Why Health Insurance Exchanges Unnerve CFOs
With health insurance exchanges mandated to launch in 2014, the government has awarded its next round of Affordable Insurance Exchange Establishment grants in an effort to get these programs up and running on schedule. The money is intended to give states the flexibility and resources to create new health insurance marketplaces.
But healthcare CFOs remain wary of the potential financial ramifications of these state-run commercial payer plans, with some calling it "scary" or a "game-changer."
Many industry experts believe organizations that face greater uncompensated care stand to fare better with health insurance exchanges (HIX), as the uninsured will now have some coverage. However, for those healthcare organizations with few uninsured and small Medicare and Medicaid populations and greater amounts of commercial insurance, exchanges stand to hurt the bottom line.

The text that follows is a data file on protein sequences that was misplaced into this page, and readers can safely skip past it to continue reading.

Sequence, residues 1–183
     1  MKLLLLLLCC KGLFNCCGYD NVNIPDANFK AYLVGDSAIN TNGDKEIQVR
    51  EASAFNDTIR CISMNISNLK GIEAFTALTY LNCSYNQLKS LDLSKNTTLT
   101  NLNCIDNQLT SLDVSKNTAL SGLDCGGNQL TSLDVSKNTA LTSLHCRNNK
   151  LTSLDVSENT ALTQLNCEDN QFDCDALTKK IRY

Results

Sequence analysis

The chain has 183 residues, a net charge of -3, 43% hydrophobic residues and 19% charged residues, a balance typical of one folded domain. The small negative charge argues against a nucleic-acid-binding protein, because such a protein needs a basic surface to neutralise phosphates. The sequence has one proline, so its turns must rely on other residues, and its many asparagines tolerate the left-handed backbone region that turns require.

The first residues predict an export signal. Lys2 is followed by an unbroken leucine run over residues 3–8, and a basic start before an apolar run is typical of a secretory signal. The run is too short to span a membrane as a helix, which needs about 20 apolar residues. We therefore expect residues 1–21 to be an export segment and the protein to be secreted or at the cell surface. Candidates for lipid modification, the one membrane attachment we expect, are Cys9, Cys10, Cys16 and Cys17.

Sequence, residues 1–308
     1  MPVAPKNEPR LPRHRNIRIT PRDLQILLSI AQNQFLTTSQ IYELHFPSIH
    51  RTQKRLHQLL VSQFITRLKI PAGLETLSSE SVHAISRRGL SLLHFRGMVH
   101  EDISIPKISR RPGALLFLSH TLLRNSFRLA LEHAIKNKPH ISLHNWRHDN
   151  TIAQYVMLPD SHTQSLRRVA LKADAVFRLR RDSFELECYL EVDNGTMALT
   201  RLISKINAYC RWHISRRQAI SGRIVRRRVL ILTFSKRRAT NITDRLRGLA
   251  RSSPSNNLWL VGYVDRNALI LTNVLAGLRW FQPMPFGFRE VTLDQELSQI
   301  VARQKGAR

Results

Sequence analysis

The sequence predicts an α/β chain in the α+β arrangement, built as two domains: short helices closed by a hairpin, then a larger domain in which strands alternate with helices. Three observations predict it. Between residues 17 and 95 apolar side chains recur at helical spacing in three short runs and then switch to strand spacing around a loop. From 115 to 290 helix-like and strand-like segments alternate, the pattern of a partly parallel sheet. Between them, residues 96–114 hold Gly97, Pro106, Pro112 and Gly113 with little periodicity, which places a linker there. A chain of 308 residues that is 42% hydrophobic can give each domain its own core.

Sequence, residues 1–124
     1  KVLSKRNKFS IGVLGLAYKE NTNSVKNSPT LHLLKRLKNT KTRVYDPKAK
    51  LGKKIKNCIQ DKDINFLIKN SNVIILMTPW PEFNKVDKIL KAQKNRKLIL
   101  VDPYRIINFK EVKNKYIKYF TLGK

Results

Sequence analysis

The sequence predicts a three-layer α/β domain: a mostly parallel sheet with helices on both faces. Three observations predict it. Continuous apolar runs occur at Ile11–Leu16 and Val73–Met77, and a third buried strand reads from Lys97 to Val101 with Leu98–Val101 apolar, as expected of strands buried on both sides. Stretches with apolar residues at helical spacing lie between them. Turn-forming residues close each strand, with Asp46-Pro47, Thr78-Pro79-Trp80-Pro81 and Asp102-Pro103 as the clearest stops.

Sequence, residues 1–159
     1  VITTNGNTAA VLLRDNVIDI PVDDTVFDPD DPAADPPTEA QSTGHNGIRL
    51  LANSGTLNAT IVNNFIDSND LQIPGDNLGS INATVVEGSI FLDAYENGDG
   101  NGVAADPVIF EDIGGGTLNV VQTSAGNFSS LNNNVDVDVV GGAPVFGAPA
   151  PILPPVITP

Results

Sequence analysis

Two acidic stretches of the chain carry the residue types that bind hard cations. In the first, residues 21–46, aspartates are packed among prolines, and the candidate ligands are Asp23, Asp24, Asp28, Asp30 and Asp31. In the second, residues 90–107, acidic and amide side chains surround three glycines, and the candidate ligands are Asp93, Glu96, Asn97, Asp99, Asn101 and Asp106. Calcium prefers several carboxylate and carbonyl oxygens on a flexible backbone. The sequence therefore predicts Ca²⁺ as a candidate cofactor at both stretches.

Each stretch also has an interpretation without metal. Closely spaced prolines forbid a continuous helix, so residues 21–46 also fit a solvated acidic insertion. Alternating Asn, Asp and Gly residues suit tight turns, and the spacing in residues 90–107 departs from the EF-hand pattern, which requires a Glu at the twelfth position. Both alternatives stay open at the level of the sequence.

"For us, we have very little Medicaid, very little uninsured, and we have 40% commercial insurance, which is going to now get paid at Medicare or Medicaid rates," says Mary Ann Freas, CFO at Southwest General Health Center, a private, nonprofit, 354-bed hospital located in Middleburg Heights, Ohio. Freas was one of several CFOs who spoke about insurance exchanges while attending the HealthLeaders Media CFO Exchange, an invitation-only event held in September at Kiawah Island, SC.
"We've worked so hard to get our payment rates up to a par with some of the other larger organizations that have a lot of market power in Cleveland, and now [those healthcare organizations] are saying they're going to create our own exchanges. We could be looking at huge reductions in reimbursements from exchanges, and that's what's scary," she says.
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